LAST Wednesday, the Federal Executive Council announced the change of name of the erstwhile Ministry of Communications to Ministry of Communications and Digital Economy. The ministry’s spokesperson, Philomena Oshodin, in a release, said that President Muhammadu Buhari’s approval of the name change was based on the request made by the minister, Isa Pantami, so that he could ”properly position and empower the ministry to fulfill his digital economy objectives.” He added that the vision of the renaming was to “expand its mandate to capture the goals of digitalisation of the Nigerian economy in line with the Economic Growth and Recovery Plan (EGRP), one of the key agenda of the present administration.” The previous name was limiting, said the ministry, as the minister “was not only limited in pursuing the objectives of a digital economy, but obsolete as it did not reflect the trends as emphasised by the International Telecommunications Union (ITU).”
While we commend the minister for his vision of digitizing the ministry so that it could, in his words, “propel the ministry to reposition its strategic objectives as laid out in the priority areas of this administration while accelerating growth and social inclusion,” we do not think that the objective merits name change. We say with all sense of responsibility that this change is a reflection of one of the ills plaguing the Nigerian establishment which believes that there is a Midas touch in a name that can perform some magical turnaround when, in actual fact, the magic wand is in the persuasion of the drivers of the idea and the way they go about it. Only recently, the Federal Government announced the renaming of the Nigeria Prison Service (NIS) to the Nigerian Correctional Service. President Buhari signed the Nigerian Correctional Service Bill into law which, by so doing, repealed the Nigerian Prisons Service Act. With the current changes, the Nigerian government seems to be saying that it is persuaded that the retrogression in many of the institutions is basically a function of their names. This is blatant falsehood.
Pray, why is the Federal Government preoccupied with names rather than the modus operandi of these institutions which, over the years, have been worsted by bad governance and ancient attitudes to work which have conspired to mar their outputs? If names are changed a million times and there is no attempt made to positively affect the attitudes of the workforce and the perennial pillaging of the institutions by those posted there, the country will continue to nosedive and things will continue to get worse in the polity. More importantly, the renaming exercise will mean changing so many configurations that had been part and parcel of the ministry for ages, including logos, letterheads, brand copies and allied materials which, even though they may look little on the outward, may end up gulping billions of taxpayers’ funds. If you dig deep down into the base of the mindset that engineered this renaming, you would be astounded to realise that the love of country or change in the limiting status quo was never part of the considerations for the renaming. Rather, it was driven by mere whims and caprices.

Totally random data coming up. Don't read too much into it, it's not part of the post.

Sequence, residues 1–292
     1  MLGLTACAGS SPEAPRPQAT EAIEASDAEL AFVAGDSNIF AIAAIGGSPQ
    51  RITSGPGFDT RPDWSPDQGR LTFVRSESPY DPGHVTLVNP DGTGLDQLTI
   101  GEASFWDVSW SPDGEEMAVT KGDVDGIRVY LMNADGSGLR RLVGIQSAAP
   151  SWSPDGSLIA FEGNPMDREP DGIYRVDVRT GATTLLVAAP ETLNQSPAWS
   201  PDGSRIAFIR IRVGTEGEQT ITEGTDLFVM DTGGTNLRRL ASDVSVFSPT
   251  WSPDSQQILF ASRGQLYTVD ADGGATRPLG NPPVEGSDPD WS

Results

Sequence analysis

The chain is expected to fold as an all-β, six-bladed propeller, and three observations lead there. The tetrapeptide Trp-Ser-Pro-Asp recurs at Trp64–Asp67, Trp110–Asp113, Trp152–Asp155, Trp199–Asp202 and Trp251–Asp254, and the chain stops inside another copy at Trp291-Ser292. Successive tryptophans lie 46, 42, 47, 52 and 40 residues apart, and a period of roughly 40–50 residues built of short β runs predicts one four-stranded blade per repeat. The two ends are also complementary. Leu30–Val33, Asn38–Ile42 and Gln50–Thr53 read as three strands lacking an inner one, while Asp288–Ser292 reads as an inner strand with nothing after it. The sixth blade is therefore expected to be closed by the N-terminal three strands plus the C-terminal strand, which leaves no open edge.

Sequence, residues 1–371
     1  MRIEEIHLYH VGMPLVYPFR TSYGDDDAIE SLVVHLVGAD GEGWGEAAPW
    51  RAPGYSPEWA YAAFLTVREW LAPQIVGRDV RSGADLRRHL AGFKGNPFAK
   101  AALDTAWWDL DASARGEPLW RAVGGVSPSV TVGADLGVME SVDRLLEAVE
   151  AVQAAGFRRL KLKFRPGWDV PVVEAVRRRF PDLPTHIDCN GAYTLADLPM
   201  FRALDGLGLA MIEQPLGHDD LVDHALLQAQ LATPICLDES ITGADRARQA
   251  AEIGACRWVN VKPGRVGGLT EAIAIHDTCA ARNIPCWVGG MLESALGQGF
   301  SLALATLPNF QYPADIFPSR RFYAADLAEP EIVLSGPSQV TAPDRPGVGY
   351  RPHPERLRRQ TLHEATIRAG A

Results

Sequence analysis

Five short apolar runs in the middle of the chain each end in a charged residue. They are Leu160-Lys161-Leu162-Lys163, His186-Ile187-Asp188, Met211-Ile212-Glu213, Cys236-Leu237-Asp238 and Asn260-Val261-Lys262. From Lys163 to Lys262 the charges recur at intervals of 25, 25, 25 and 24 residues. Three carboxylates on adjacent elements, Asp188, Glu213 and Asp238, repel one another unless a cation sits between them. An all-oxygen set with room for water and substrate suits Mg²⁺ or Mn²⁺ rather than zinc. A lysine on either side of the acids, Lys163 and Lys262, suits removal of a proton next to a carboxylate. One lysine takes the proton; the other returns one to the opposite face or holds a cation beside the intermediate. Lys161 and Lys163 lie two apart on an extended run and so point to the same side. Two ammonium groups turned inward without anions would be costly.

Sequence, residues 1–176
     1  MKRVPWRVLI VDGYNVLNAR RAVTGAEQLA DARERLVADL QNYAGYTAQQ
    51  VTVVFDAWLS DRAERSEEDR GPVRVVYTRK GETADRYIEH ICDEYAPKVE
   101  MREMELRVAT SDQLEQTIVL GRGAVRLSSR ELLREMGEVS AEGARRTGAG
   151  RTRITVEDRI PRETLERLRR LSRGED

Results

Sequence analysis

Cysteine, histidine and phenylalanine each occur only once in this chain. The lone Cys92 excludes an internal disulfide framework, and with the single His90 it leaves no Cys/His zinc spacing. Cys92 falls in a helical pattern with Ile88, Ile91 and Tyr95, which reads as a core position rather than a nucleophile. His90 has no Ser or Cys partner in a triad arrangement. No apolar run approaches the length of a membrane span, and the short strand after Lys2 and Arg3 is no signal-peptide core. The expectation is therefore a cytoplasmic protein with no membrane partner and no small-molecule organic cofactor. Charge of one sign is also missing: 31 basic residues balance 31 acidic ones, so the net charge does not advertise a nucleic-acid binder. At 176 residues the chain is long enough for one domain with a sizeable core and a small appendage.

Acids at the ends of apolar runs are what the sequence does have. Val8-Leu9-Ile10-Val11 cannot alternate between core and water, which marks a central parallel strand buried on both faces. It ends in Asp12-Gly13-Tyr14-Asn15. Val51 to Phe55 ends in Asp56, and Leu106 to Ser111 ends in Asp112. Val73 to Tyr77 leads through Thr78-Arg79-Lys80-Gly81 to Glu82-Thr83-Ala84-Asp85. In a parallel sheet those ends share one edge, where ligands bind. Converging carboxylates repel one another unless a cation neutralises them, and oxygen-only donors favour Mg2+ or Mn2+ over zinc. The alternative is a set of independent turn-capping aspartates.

The change of name does not make general sense, nor does it even make any economic sense at this time when Nigeria is facing herculean economic challenges. No matter how little it would gulp to transit from the erstwhile name to the new name, the ministry would do well to offload the funds into some more rewarding enterprise. The ministry’s new name is demonstrably subject to so many illogicalities. First, the digital economy that it now proclaims is what should drive every ministry, department and agency in this age of digitization and globalisation. So, should all federal ministries be renamed to capture what should be the core of their engagements? Even more instructive a question to ask the minister is how logically the former name could have prevented the ministry from going digital. What were the specific digital things that the former name made impossible?
The examples of “global and African economies” cited as reason for the renaming, including Scotland, Thailand, Tunisia, Benin Republic and Burkina Faso, among others, which “have adopted deliberate strategies and created Ministries of Digital Economy in line with global best practice” are germane. However, are those countries suffering from the same deficits as Nigeria? At what level of growth were they when they deemed it fit to change the names of ministries? We say, at the risk of repetition, that President Buhari’s purported letter containing his approval of the name change was not well thought out, and the claim that the request was granted “in line with global best practices” is mere sophistry.
Just how can a Nigeria which has fared very low in the drive to provide electricity be mouthing digitization when power is at the core of this 21st century societal quest? And how digital can an economy like Nigeria’s, which is largely without a productive or manufacturing base, be? How digital can a Nigeria that is marooned under the worst level of poverty globally be? We expect governance to benefit from intellectual rigour. That is not yet in evidence.